Essentially, each person is good and wants to achieve the best with the driving force in them, which is the actualising tendency that catapults human beings to reach their greatest potential physically, emotionally and spiritually (Rogers, 1951, p. 102).
When this natural force is suppressed, one realises emotional suffering and pain, and never reaches his or her full potential. The counsellor should be aware of this and ultimately guide the clients to choose behaviours and actions that can help them to grow and communicate better.
The role of self-actualisation is to measure the degree or extent of achievement of an individual (McMillan, 2004). This is because an individual might possess exceptional talent that is underutilised; in worse cases, he may not even know that he has such ability.
Such persons are unable to unlock their potential and may need to see a counsellor for proper guidance. Teachers, parents and other senior members of the society have the moral responsibility to spot and guide accordingly, all the students and young people who are unable to utilise their potential fully.
Self-actualised people are those individuals who are satisfied or fulfilled and do all that they are capable of (Maslow, 1962, p. 63). The development of self-actualisation refers to the necessity for personal growth that is present throughout a person’s life (Maslow, 1962, p.64).
When an individual self-actualises, he is capable of finding out the sense of life that is significant to him. Everyone is theoretically capable of self-actualising but many people do not do so or only do it at a limited degree.
The importance of self-actualisation is that one develops desirable characteristics such as accepting oneself, being problem-centred rather than selfish, having an unusual sense of humour, being highly creative and adopting democratic attitudes among others.
There are several behaviours that lead to self-actualisation such as avoiding pretence, taking responsibility, understanding life during childhood, and trying new things as opposed to sticking to secure paths (Maslow, 1968, p. 72).
Self–actualisation also helps individuals, especially parents, to enable their children to grow in an environment where they can achieve their full potential. The children raised up in an environment of congruence have higher chances of actualising.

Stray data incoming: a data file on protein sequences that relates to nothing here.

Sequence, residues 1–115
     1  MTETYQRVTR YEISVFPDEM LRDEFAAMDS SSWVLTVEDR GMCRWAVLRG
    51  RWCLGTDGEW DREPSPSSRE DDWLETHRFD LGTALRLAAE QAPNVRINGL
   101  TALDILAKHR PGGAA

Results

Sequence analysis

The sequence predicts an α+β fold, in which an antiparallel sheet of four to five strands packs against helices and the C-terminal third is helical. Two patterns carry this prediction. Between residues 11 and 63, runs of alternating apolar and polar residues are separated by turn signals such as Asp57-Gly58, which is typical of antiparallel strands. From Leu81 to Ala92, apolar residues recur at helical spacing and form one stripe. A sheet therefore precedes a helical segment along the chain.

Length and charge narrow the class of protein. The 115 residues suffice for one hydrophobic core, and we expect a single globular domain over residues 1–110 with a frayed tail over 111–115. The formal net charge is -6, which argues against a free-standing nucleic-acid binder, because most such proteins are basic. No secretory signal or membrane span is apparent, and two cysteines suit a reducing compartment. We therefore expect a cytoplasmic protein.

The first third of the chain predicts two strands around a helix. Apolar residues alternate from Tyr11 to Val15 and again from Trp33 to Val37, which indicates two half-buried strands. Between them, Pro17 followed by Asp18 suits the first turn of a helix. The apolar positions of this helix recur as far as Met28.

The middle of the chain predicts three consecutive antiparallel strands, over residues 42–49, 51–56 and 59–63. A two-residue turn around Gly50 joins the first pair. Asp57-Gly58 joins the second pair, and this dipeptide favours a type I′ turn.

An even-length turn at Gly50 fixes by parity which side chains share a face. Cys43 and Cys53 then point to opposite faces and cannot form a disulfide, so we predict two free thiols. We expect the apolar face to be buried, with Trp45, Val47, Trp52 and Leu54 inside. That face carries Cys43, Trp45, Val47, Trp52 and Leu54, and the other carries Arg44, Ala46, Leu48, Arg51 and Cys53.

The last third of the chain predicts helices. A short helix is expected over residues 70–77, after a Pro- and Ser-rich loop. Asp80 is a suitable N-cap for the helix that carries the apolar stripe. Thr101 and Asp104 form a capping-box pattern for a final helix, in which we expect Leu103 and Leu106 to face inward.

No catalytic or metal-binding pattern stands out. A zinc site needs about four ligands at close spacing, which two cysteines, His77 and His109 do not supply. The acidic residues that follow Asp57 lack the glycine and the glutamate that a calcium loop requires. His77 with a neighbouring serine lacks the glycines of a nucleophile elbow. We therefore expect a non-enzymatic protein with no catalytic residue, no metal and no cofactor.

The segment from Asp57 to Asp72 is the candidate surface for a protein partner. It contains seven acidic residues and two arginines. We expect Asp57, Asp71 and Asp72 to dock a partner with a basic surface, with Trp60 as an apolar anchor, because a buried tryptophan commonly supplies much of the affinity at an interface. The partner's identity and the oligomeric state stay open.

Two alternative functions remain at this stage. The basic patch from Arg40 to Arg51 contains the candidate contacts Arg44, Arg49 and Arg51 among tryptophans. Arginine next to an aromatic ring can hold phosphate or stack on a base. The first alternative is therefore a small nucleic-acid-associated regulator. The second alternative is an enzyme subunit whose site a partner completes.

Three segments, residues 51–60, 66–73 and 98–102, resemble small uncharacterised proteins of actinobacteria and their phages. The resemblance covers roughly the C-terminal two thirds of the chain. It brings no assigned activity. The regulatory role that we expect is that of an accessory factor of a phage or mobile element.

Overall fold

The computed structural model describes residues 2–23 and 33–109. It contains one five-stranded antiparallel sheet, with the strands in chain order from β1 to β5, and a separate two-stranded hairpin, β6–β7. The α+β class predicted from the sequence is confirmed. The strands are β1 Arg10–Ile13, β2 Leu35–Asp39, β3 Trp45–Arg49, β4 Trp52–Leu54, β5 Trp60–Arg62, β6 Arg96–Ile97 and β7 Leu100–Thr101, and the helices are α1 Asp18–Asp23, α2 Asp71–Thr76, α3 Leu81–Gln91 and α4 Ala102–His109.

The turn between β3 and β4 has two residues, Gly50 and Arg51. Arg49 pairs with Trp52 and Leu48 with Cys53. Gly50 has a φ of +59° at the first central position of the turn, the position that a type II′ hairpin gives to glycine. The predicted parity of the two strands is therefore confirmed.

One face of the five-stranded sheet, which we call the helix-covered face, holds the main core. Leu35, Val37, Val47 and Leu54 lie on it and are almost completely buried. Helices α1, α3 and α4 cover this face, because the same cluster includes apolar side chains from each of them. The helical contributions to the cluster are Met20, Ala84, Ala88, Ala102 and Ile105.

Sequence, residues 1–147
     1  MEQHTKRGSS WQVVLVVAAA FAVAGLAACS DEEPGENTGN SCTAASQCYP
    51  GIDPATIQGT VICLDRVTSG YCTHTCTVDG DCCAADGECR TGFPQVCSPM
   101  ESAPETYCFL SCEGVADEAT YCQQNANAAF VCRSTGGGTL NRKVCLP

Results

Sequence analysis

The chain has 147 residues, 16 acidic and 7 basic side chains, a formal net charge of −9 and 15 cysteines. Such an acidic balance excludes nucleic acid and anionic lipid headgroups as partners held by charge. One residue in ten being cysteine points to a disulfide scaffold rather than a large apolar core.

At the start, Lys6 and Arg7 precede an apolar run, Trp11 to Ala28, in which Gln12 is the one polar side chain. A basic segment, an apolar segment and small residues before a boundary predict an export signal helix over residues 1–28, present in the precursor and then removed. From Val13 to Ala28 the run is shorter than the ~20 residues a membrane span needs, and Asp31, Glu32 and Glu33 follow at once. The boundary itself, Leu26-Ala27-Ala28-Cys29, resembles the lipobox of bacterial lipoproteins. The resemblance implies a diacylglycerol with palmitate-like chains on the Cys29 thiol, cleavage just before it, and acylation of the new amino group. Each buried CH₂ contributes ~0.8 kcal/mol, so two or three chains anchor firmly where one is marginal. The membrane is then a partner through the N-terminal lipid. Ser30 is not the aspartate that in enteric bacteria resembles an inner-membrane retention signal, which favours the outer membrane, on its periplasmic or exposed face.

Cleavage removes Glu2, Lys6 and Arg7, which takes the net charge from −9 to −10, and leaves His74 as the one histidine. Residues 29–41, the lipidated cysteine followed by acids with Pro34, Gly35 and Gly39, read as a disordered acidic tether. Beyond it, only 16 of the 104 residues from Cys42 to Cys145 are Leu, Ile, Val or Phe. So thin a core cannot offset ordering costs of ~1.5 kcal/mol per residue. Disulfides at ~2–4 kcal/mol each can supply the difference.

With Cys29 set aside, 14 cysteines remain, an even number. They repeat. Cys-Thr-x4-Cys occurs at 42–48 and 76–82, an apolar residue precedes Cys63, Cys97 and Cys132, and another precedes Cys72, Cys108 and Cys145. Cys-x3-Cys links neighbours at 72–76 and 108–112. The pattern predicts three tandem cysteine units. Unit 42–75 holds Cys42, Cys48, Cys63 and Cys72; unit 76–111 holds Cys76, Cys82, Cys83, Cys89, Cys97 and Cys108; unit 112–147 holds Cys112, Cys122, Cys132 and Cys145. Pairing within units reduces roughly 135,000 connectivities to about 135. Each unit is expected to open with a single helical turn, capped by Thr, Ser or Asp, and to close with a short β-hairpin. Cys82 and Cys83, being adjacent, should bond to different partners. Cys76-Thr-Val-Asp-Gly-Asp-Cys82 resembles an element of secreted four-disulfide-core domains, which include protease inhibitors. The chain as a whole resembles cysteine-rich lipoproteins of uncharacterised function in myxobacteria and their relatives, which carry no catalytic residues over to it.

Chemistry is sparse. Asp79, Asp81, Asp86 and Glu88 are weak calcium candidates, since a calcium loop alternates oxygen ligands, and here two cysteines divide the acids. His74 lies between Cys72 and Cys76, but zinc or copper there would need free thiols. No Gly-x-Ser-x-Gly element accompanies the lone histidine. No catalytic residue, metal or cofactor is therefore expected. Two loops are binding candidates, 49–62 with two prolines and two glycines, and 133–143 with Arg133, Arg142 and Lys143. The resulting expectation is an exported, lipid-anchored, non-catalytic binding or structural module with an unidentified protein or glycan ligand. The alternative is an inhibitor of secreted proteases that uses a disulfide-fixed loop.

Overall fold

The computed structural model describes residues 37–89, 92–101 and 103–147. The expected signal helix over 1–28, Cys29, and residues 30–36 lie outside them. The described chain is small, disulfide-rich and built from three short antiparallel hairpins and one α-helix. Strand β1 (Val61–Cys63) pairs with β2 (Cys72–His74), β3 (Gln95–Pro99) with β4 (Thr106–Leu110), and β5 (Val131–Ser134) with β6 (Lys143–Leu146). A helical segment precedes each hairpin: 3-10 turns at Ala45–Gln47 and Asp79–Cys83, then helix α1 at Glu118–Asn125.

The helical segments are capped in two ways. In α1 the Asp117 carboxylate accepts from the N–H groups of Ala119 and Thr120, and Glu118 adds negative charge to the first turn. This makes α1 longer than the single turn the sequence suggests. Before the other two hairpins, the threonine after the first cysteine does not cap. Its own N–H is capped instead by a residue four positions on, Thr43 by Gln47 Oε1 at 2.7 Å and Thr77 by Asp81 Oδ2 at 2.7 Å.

The people who are raised in incongruent surroundings have very little chances of doing so and only feel worthy if they match the incongruent conditions they were taught (Rogers, 1959, p. 84).
Lastly, self-actualisation assists in developing the country as one indivisible unit, which reduces the number of internal conflicts. Countries with many actualised people are more productive, both economically and socially, compared to those with fewer such individuals.
This is because self-actualised individuals are able to come up with discoveries that help in resolving societal problems or the challenges that their fellow citizens face. For one to be self-actualised he has to satisfy all the other needs and the ones that are left unfulfilled can be done as leisure.
This helps in reducing psychological conditions such as stress on the country’s population and as a result, it increases the life expectancy of the citizens. Such countries also experience few or no cases of internal conflicts such as civil wars.
In conclusion, it is important for the counsellor to self-actualise and be in congruence with the client in order to create effective results. This is because during the process of counselling, the therapist expects the client to be congruent and it is important for him to do the same.
Additionally, congruence brings in a sense of equality and this builds up the conversation; effective communication can only occur if the client feels he or she is an equal partner and does not threatened.
However, self-actualisation does not imply perfection; instead, it means being able to achieve one’s potential to the highest degree possible (Maslow, 1968, p. 90).
Irving, P., & Dickson, D. (2006). A re-conceptualisation of Rogers’ core conditions: Implications for research, practice and training. International Journal for the Advancement of Counselling, 28(2), 183-194.
Maslow, A. H. (1962). Towards a psychology of being. Princeton, NJ: D. Van Nostrand Company.
Maslow, A. H. (1968). Toward a psychology of being. New York, NY: D. Van Nostrand Company.
McMillan, M. (2004). The person-centred approach to therapeutic change. London: Sage Publications Ltd.
Mearns, D., & Thorne, B. (2007). The person centred counselling in action (3rd ed.). London: Sage Publications Ltd.
Rogers, C. (1951). Client-Centred therapy: Its current practice, implications and theory. London: Constable.
Rogers, C. (1959). A Theory of therapy, personality and interpersonal relationships as developed in the client-centred framework. A Study of a Science, Formulations of the Person and the Social Context, 3, 184-256.